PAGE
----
TRAVERSE CITY — Karl Hartman walked out of the 13th Circuit courtroom and disappeared behind a door, where steel cuffs were latched around his wrists and ankles, where chains were wrapped around his waist.
The 55-year-old former Kingsley principal and teacher learned his fate Thursday for assaulting two students with the intent to commit sexual contact in 2004. He will now spend the next three to five years behind bars at a Michigan Department of Corrections facility — a sentence more severe than state guidelines called for.
Judge Kevin Elsenheimer, after hearing statements from two victims and the mothers of two other victims, went outside the suggested 7-to-23-month sentence for the second-degree felony offenses. Elsenheimer said the guidelines didn’t account for the breadth of the situation and the abuse that came from “the unique and powerful position of being principal.”
“These children respected you, some of them almost as a second parent,” Elsenheimer said. “To abuse that position against those that are truly innocent — our children — is an abuse that is not fully recognized by the guidelines.”
Hartman pleaded guilty Oct. 4 to the three felony counts, stemming from accusations he spanked two former students for sexual gratification in his office when he was the principal at Kingsley Elementary School. The plea agreement dropped charges of one felony first-degree criminal sexual conduct, four felony second-degree criminal sexual conduct, one felony accosting a minor for immoral purposes and two misdemeanor counts of furnishing alcohol to minors. Convictions on those charges could have netted Hartman 25 years to life in prison.
Although Hartman was not convicted on those charges, Elsenheimer determined “by a preponderance of evidence” that those incidents occurred. He used that judgment in handing down the stiffer sentence. Hartman’s lack of a statement of remorse or “any recognition ... that he caused harm to the victims, the families, the school and the entire community” also played a part in his decision, Elsenheimer said.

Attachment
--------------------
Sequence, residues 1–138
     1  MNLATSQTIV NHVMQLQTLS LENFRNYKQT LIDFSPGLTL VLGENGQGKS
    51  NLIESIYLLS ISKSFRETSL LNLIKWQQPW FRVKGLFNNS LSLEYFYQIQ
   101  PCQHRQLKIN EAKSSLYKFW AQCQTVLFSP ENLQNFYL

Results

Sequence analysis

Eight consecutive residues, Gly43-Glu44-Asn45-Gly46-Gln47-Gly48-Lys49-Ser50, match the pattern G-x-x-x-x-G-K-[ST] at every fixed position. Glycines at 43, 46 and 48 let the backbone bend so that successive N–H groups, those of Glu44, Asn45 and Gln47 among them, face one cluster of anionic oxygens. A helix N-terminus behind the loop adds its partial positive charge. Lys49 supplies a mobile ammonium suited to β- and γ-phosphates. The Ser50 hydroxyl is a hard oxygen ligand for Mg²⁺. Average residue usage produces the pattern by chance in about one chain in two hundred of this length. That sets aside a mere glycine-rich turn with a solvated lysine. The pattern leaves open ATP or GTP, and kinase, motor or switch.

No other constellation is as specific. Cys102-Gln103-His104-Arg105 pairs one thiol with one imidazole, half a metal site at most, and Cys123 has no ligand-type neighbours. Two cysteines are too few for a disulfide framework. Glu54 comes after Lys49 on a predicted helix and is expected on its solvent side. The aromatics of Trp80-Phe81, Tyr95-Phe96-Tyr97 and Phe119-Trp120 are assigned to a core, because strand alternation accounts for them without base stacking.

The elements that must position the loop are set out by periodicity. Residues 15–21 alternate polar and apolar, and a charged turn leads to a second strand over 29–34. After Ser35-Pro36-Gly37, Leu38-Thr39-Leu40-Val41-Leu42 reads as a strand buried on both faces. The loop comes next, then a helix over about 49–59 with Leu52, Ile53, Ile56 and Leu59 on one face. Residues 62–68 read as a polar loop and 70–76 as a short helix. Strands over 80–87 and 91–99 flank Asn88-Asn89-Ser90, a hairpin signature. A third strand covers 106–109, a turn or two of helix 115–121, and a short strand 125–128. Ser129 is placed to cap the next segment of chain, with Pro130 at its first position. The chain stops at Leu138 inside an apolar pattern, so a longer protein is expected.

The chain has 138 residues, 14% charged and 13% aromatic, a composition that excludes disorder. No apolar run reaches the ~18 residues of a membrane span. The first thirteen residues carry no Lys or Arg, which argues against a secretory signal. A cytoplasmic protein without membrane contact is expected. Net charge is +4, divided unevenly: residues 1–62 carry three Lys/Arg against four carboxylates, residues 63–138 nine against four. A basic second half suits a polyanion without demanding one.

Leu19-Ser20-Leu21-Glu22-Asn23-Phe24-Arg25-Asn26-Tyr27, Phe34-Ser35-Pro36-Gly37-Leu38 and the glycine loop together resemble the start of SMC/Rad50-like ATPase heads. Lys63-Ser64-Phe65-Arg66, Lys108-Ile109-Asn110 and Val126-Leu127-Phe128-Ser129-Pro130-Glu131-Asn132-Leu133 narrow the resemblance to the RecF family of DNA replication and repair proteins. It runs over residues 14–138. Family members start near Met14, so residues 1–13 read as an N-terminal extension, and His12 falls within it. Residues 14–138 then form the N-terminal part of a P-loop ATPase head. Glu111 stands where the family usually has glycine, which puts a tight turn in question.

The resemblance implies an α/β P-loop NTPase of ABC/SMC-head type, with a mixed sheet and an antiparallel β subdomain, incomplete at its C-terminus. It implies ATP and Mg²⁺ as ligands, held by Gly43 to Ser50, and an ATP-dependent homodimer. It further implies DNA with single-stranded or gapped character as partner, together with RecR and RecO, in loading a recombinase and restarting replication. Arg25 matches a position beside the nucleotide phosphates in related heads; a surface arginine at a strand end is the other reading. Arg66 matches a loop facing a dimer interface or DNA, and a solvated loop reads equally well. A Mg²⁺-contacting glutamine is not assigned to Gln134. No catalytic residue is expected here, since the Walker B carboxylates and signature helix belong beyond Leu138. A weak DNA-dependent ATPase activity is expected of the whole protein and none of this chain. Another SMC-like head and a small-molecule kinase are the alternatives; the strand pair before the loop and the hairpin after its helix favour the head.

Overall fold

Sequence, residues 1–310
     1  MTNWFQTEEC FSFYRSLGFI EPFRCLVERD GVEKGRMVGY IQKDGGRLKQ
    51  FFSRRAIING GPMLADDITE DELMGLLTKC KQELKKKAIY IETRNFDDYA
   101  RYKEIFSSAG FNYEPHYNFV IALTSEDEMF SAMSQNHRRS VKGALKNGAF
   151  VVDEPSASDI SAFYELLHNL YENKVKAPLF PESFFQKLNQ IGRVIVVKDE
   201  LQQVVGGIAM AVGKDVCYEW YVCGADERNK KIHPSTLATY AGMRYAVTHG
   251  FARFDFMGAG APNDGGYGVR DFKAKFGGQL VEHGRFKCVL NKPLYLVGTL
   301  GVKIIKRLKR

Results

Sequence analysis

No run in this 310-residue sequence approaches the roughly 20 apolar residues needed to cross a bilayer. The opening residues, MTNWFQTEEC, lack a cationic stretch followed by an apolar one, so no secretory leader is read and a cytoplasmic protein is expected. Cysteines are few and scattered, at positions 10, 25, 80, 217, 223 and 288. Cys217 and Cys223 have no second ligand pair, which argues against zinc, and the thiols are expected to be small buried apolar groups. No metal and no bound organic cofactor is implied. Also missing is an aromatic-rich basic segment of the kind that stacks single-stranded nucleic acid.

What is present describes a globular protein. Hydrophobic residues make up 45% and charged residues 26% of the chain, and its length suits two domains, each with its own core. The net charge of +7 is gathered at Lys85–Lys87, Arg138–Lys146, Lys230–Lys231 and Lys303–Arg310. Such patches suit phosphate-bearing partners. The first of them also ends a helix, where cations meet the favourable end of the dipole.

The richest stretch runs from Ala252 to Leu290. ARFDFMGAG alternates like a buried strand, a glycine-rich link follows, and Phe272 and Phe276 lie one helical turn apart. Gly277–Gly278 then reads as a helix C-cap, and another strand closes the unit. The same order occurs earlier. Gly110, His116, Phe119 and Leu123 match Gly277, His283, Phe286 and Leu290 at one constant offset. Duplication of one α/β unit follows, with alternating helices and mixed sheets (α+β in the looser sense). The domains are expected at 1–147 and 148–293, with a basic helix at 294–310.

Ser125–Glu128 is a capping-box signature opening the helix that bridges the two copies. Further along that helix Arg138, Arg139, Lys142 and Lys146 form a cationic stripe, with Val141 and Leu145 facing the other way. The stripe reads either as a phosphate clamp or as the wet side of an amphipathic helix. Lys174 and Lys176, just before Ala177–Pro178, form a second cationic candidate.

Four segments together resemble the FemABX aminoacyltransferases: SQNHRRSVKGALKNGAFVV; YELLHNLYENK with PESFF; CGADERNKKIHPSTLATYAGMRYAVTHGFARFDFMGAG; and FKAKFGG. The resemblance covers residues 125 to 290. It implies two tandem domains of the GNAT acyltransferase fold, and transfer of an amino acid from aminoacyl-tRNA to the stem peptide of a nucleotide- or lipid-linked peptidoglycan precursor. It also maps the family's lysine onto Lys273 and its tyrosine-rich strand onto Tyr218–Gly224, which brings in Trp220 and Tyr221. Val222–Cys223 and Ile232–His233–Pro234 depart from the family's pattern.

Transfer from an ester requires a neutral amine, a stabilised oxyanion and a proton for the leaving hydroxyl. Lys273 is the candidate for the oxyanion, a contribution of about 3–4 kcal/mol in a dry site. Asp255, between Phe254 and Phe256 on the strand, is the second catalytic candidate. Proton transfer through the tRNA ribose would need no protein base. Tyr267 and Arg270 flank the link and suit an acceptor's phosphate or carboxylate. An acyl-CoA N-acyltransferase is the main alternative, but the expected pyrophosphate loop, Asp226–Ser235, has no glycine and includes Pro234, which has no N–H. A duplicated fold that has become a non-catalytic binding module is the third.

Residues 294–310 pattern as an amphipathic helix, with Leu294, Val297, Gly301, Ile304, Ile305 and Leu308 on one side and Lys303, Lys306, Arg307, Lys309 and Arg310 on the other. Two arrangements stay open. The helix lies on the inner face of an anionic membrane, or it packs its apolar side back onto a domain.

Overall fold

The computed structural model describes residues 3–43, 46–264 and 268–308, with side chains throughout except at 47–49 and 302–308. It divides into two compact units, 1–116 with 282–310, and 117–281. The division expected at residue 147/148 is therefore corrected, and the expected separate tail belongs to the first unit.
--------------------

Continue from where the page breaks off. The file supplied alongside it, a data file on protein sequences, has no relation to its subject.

Shawn Worden, Hartman’s attorney, said the sentence was not appropriate because Elsenheimer placed too much consideration on the dismissed charges.
“Karl made a deal, and he didn’t get the benefit of that deal. The prosecutor made the same deal that we made, and they got more than the benefit of their deal,” Worden said.
Worden said Hartman declined to make a statement Thursday because it was a “no-win situation.”
“If he says, ‘I did it, and I’m sorry,’ then the judge gets to assume that everything else bad that he’s been accused of happened. If he says, ‘I didn’t do it. I’m innocent. I took this plea because it’s such a small sentence,’ then the judge gets to say that he lied to him under oath and that he shouldn’t have taken the deal and should have had a trial,” he said.
Hartman, who was arrested Jan. 22, faced 11 separate counts based on statements from eight accusers before some of the charges were dropped in August.
The first victim who spoke Thursday said he trusted Hartman “like a father,” but that Hartman had gotten him drunk on several occasions when he was 14 years old and took advantage of him in an intoxicated state.
“He corrupted my childhood and robbed me of my innocence,” he said as he broke down in tears and struggled to continue speaking. “This has caused me great pain, many issues with depression and mental anguish that has lasted me for years — and still does to this day.”
Two of those who made statements called Hartman “a wolf in sheep’s clothing” and asked for a more severe punishment for “violating the sanctity of the school and using his power to prey on innocent and defenseless children.”
“He took advantage of boys, especially those who could not stand up for themselves,” one victim said. “Karl invested his time and effort in this over the past 30 years for his own sexual pleasure.”
Elsenheimer threatened to clear the courtroom after there was audible disgust from some in the audience when a mother of a victim spoke about a “going-away party” Hartman had after he entered his guilty plea. The mother said she could not understand how people continue to stand behind and support Hartman.
“This pillar of our community has destroyed lives. He’s ripped apart friendships. He’s created fear and distrust. He’s manipulated, he’s groomed, and he’s abused our children for far too long,” she said.
Grand Traverse County Chief Assistant Prosecuting Attorney Kyle Attwood said what Hartman did was “the ultimate violation of body, spirit and mind.”
“Rarely is justice perfect, but I think in this situation it was a good result for the victims,” Attwood said. “I feel they were heard.”
Hartman now has 42 days to appeal his sentence, something Attwood said is likely.